If an MMF receives a contribution that is described in section 3 of this revenue procedure, the Service will not challenge the MMF’s treatment of the contribution as an amount that is included in ICTI for purposes of section 852(b)(2) but is excluded from ICTI for purposes of section 852(a)(1). The treatment described in this section 4 applies only to contributions described in section 3 of this revenue procedure.
The following example illustrates the operation of this revenue procedure.
(i) Fund is an MMF that uses a March 31 taxable year for federal income tax purposes. Fund has a stable NAV but is required under SEC MMF Reform Rules to become a floating-NAV MMF before October 14, 2016. As of April 22, 2016, Fund has 500 million outstanding shares and assets with a fair market value of $498,000,000. Fund’s published NAV on April 22, 2016, is $1.00, but Fund’s NAV determined using market factors and rounded to the nearest basis point is $0.9960. On April 25, 2016, Fund’s investment adviser makes a $3,000,000 contribution to Fund that is described in section 3 of this revenue procedure. During its taxable year ending on March 31, 2017, Fund has $2,000,000 in ordinary income from securities in its portfolio and distributes $2,000,000 in ordinary dividends to its shareholders. Fund has no capital gains or losses and pays no capital gain dividends. Fund elects the application of section 4982(c)(4) for the 2016 calendar year. Consistent with that election, Fund makes an estimated tax payment of $1,020,000 during the 2016 calendar year with respect to Fund’s taxable year ending on March 31, 2017. This amount reflects the tax under section 852(b)(1) on $3,000,000 of Fund’s ICTI for that taxable year.
(ii) For its taxable year ending on March 31, 2017, Fund has ordinary income of $5,000,000. For purposes of section 852(b)(2), Fund’s ICTI for that year is $3,000,000, because Fund has a $2,000,000 deduction for dividends paid. The tax on $3,000,000, computed under section 11, is $1,020,000, which was timely satisfied by the estimated tax payments that Fund made during 2016.
(iii) For purposes of section 852(a)(1), Fund treated its ICTI as being $2,000,000 (excluding the adviser contribution and disregarding the deduction for dividends paid). Because Fund distributed $2,000,000 of dividends in that taxable year, it distributed over 90 percent of the amount that it is treating for purposes of section 852(a) as its ICTI. Consistent with section 4 of this revenue procedure, the Service will not assert that Fund failed to satisfy the distribution requirement in section 852(a)(1).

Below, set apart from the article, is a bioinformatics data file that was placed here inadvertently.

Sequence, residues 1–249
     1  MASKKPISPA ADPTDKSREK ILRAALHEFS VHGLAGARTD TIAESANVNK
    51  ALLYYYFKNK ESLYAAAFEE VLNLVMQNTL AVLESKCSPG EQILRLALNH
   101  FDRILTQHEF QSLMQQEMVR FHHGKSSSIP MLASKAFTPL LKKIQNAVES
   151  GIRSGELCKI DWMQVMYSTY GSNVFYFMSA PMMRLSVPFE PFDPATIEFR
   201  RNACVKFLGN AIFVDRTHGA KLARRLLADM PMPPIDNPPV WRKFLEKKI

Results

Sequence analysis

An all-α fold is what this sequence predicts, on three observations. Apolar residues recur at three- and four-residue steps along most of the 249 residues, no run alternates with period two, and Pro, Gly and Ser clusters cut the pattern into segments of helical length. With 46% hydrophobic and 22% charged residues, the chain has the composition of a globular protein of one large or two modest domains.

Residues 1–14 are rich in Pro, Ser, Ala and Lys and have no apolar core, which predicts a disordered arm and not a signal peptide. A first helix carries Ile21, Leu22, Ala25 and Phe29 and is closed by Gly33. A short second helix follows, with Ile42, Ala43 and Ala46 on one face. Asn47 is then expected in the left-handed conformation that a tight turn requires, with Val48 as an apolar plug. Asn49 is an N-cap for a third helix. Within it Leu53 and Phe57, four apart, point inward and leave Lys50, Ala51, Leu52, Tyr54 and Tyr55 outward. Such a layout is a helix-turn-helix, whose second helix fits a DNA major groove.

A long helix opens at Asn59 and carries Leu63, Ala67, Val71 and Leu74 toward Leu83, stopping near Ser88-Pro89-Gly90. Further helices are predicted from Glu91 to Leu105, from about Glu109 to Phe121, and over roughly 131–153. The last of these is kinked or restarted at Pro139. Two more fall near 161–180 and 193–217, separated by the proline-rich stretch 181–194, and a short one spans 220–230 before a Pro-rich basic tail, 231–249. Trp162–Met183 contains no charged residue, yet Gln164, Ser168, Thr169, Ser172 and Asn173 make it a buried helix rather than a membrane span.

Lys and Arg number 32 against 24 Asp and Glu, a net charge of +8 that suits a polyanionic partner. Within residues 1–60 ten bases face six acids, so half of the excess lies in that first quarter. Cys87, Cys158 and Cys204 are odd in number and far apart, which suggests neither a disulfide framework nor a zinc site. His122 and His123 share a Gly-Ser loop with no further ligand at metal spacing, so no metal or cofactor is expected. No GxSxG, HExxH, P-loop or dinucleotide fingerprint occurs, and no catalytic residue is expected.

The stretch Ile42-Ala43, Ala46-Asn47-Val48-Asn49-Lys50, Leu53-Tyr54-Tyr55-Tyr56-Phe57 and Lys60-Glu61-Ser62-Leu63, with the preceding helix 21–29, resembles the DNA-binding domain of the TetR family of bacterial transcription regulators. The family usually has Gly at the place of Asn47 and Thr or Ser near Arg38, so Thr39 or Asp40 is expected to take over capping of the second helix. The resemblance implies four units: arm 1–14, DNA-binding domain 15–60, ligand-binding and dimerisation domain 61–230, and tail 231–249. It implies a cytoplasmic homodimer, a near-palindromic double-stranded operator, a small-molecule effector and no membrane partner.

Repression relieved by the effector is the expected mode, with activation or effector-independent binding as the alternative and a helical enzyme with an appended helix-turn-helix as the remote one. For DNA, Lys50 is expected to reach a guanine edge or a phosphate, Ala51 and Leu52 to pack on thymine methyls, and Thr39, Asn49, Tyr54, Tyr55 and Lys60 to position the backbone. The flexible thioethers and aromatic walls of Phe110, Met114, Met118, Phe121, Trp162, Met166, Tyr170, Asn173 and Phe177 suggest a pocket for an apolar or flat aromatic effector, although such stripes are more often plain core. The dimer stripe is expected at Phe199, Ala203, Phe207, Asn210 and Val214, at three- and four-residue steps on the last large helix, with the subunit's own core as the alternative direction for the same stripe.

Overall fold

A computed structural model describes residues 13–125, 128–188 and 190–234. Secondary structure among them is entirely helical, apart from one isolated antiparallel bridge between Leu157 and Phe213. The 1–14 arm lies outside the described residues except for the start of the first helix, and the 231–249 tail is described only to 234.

(iv) Under section 4982(c)(4)(A)(i), Fund’s distributed amount for 2016 is increased by the $3,000,000 with respect to which Fund made a $1,020,000 estimated tax payment. Thus, section 4982 does not impose an excise tax on Fund for 2016. Under section 4982(c)(4)(A)(ii), Fund’s distributed amount for 2017 will be decreased by $3,000,000 to avoid double-counting.
(v) After payment of $1,020,000 of income taxes, the contribution of $3,000,000 increased the value of Fund’s portfolio to $499,980,000. After this increase, Fund’s NAV, rounded to the nearest basis point, is $1.0000.
This revenue procedure is effective for contributions that are described in section 3 of this revenue procedure. Section 3 of this revenue procedure does not describe any contribution made after certain MMFs are required to become floating-NAV MMFs.
The principal author of this revenue procedure is Grace Cho of the Office of Associate Chief Counsel (Financial Institutions & Products). For further information regarding this revenue procedure contact Ms. Cho at (202) 317-6945 (not a toll-free number).
 Top up contributions are discussed in a website posting entitled, “2014 Money Market Fund Reform Frequently Asked Questions.” See 2014 Money Market Fund Reform Frequently Asked Questions (March 18, 2016, revision) http://www.sec.gov/divisions/investment/guidance/2014-money-market-fund-reform-frequently-asked-questions.shtml.
 Section 4982(b) also contains rules for increasing the required distribution for a calendar year that follows a calendar year in which there is a shortfall. Section 4982(e) defines the terms “ordinary income” and “capital gain net income” for purposes of section 4982 and provides additional rules.
 Section 4982(c) also contains rules for determining the dividends paid during a calendar year and for adjusting the distributed amount for a calendar year that follows a calendar year in which there is an overdistribution.